Where to go to find the music pirates

The UK was second only to the US in the number of BitTorrent downloads
The UK was second only to the US in the number of BitTorrent downloads

Musicmetrics has published its first annual Digital Music Index (DMI). It “reveals the preferences and uncovers the social media trends of millions of music fans from every country on the planet,” and includes a detailed analysis of US and UK downloading habits.

It has to be said that ‘BitTorrent’ does not automatically mean ‘illegal’. The report itself points out that “The Cardigan EP by Billy Van is the No 1 torrent being downloaded in 5 of the top 20 countries by downloads. This is noteworthy because ‘The Cardigan’ has the rare distinction of being licensed for distribution via the BitTorrent network. It has become hugely popular in place of other illegal content in a quarter of the top 20 countries for downloads.”

Nevertheless, it would be fair to assume that a fair proportion of BitTorrent is illegal file sharing; and it would also be a fair assumption that ISP blocks – such as that in the UK against The Pirate Bay – are not working. According to Musicmetrics, the UK is second only to the US in the total number of downloads (96,681,133 in the US; 43,263,582 in the UK). It is also interesting to note that despite the massive use of BitTorrent, and despite the state of the global economy, digital music revenues of record companies grew by 8% globally in 2011 to an estimated US $5.2 billion.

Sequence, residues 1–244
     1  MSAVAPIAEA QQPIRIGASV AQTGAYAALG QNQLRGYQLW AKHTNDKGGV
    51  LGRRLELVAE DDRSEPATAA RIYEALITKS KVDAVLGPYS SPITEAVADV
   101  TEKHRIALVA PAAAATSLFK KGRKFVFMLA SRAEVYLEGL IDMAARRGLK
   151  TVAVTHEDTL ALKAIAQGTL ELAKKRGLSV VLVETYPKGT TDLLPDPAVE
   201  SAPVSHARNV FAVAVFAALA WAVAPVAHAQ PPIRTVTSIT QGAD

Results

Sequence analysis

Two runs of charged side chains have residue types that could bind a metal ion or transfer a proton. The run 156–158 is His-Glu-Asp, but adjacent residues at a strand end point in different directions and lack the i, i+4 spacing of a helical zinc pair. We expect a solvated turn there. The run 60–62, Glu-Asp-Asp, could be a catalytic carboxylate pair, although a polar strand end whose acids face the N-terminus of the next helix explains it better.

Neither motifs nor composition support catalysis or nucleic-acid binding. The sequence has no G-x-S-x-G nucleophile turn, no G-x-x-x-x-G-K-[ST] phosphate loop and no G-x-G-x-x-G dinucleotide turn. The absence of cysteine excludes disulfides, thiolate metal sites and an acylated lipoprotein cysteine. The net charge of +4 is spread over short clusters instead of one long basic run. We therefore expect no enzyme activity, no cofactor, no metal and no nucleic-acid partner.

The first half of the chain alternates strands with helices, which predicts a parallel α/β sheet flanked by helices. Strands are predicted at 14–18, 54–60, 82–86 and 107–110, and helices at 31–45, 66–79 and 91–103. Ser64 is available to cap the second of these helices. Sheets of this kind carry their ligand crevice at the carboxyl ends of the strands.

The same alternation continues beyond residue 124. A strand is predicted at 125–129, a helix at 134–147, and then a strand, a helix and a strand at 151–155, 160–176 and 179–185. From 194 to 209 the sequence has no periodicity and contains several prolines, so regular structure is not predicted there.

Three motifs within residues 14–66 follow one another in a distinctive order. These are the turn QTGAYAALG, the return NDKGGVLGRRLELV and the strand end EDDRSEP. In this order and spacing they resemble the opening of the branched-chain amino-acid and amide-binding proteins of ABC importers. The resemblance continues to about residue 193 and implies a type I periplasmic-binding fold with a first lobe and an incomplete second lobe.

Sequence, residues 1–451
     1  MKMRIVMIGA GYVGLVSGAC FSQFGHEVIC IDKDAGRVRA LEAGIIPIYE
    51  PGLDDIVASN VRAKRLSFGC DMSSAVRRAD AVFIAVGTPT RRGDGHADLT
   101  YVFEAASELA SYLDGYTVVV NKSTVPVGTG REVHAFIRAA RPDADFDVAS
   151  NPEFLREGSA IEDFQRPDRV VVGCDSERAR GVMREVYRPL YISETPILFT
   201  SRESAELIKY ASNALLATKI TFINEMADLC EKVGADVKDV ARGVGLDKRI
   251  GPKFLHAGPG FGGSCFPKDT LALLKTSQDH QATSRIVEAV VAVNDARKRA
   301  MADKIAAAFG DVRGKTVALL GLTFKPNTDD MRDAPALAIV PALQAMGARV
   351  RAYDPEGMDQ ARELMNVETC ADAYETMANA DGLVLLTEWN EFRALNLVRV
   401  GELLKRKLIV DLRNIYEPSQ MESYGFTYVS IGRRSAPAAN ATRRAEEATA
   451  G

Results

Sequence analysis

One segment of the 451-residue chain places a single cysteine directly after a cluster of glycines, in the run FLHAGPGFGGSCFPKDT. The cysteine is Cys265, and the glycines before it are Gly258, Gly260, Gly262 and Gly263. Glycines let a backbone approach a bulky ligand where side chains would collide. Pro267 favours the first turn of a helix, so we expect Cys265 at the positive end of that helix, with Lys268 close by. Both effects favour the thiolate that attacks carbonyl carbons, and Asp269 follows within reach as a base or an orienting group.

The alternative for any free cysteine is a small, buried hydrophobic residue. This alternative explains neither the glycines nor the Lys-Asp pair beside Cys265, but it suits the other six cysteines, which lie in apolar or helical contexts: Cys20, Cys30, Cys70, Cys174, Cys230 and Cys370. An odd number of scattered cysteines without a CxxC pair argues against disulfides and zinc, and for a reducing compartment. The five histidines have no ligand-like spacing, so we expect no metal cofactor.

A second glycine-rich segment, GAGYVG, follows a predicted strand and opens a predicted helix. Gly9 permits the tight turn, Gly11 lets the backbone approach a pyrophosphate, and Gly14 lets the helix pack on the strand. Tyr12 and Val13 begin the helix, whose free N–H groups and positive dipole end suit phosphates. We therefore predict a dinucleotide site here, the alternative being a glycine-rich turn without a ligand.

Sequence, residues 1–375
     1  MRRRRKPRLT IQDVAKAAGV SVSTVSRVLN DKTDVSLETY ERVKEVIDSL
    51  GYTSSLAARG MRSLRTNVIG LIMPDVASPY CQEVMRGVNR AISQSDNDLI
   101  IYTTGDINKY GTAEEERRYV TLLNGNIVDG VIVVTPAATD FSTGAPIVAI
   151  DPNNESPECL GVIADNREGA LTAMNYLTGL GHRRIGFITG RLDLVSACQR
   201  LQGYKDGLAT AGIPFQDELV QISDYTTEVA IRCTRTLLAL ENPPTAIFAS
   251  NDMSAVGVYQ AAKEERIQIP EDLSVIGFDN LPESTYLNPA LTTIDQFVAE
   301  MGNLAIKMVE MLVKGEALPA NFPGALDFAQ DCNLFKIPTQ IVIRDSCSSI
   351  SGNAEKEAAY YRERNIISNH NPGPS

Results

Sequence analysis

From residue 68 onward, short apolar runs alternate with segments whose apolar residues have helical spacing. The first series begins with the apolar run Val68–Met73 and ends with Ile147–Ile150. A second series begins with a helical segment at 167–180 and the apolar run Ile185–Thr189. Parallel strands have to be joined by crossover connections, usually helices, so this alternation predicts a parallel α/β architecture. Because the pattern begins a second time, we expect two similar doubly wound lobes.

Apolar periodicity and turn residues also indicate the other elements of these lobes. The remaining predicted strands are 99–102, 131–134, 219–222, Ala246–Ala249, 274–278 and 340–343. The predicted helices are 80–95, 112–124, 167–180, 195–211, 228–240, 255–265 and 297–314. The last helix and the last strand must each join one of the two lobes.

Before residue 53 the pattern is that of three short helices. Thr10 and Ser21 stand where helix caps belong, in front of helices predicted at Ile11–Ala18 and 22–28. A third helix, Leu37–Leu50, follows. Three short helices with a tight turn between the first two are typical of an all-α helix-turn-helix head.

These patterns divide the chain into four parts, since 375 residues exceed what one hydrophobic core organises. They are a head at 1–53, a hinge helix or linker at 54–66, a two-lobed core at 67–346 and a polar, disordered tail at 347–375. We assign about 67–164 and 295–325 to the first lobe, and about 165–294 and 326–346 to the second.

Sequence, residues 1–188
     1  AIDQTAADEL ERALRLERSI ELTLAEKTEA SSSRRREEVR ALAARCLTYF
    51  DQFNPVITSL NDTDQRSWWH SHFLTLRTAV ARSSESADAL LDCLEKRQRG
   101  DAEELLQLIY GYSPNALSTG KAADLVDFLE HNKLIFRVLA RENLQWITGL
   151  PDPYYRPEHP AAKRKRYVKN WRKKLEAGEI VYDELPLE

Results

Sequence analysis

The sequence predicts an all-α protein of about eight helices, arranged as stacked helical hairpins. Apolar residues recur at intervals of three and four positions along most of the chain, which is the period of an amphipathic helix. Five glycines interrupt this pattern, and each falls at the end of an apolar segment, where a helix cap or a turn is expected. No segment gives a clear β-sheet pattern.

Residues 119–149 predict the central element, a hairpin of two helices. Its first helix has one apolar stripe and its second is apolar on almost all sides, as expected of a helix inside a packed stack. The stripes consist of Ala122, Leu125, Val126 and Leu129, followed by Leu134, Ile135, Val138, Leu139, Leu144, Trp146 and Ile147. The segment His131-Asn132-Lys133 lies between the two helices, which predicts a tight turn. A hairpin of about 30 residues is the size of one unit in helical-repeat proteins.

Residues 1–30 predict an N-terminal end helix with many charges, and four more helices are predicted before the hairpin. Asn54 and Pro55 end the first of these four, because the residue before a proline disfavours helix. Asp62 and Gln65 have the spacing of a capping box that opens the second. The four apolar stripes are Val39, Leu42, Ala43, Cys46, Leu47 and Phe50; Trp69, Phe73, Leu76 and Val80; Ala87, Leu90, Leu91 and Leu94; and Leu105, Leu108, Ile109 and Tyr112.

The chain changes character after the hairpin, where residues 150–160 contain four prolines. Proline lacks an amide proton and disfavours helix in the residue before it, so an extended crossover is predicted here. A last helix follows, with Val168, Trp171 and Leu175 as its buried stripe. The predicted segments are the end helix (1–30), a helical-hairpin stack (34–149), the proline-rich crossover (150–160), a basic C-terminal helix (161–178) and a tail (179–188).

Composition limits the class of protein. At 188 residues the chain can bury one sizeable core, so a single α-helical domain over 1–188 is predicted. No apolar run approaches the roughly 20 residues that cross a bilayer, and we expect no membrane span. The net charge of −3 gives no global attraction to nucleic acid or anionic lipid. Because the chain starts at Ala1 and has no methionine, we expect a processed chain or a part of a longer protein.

A more detailed analysis of UK downloading habits shows that, unsurprisingly, London uses torrents more than any other city (4,565,502 downloads). On a per capita basis, however, London ranks only at #20. Manchester (1,317,012), Nottingham (598,621) and Southampton (480,151) occupy the top three slots.

ISPreview notes that the report “could be used by Rights Holders to fuel calls for an even more aggressive crackdown on internet access and personal privacy.” However, the report states that the music industry needs to look beyond its historical structures. “SoundCloud,” it notes (streaming rather than torrent) “is emerging strongly as a means of identifying early interest in a band. The data identifies SoundCloud as a platform upon which a lot of new bands are gaining plays, well before they are picked up or gaining fans anywhere else. It is likely this is due to the ease with which SoundCloud allows content to be shared around the Web.”

Gregory Mead, chief executive of Musicmetric, commented, “Clarity on the drivers between social media, file sharing and gig activity is what can deliver the industry,” adding that “in our report these are being put under the microscope for the first time.” He believes that the industry should seek ways to legally monetize torrents. “The potential for converting revenue lost through file trading is not entirely a fairy tale,” but this will only be achieved by engaging with torrents rather than ignoring and blocking them.

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